Frontiers Augmented seeks to create a means for deeper engagement with the content published in the Frontiers journal by featuring author interviews, round table discussions, artist perspectives, podcast editions and beyond. It is the hope of the Editorial Collective that deeper context can create the dialogue that can enrich and drive forward academic and personal scholarship in gender and women’s studies as all in the field move forward.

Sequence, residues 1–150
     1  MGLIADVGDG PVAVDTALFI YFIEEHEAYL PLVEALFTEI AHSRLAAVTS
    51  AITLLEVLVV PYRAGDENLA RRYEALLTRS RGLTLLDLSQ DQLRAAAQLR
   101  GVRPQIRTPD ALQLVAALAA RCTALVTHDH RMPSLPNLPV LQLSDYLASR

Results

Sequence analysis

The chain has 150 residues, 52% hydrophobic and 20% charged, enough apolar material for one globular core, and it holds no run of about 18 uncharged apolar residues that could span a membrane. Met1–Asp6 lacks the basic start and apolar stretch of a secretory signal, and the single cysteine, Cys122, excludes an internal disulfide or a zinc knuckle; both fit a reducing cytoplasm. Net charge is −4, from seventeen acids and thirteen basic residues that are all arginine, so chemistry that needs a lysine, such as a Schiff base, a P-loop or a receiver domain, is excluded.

Libraries face a dilemma: the number of books, journals, and other information resources available to offer to their patrons is growing faster than their acquisitions budgets. Decisions about which new materials to add in a given year are influenced by a number of factors, not the least of which are whether they are aware of the existence of a resource and the value that resource would bring to those who rely on the library. Librarians often appreciate the input of users in gathering the information they need to make those evaluations. There is no one right way to share information about a particular journal with a library. Some institutions have formal procedures for submitting acquisition requests, others rely on regular communication between subject area librarians and the departments they serve, and some have no specifically defined method. You are in the best position to determine the most appropriate method for approaching your library with a request for the addition of a journal to its collection. However, we have developed a library recommendation form as one tool you can use to provide your library with relevant information. The form contains basic information about the journal: a description, its print and electronic ISSNs, frequency of publication, pricing, print and electronic options, and ordering information. It also includes a few questions for you to complete that address your evaluation of the journal's value. If you choose to use the form, fill it out then send it to the appropriate individual at your library. Do not return it to the University of Nebraska Press.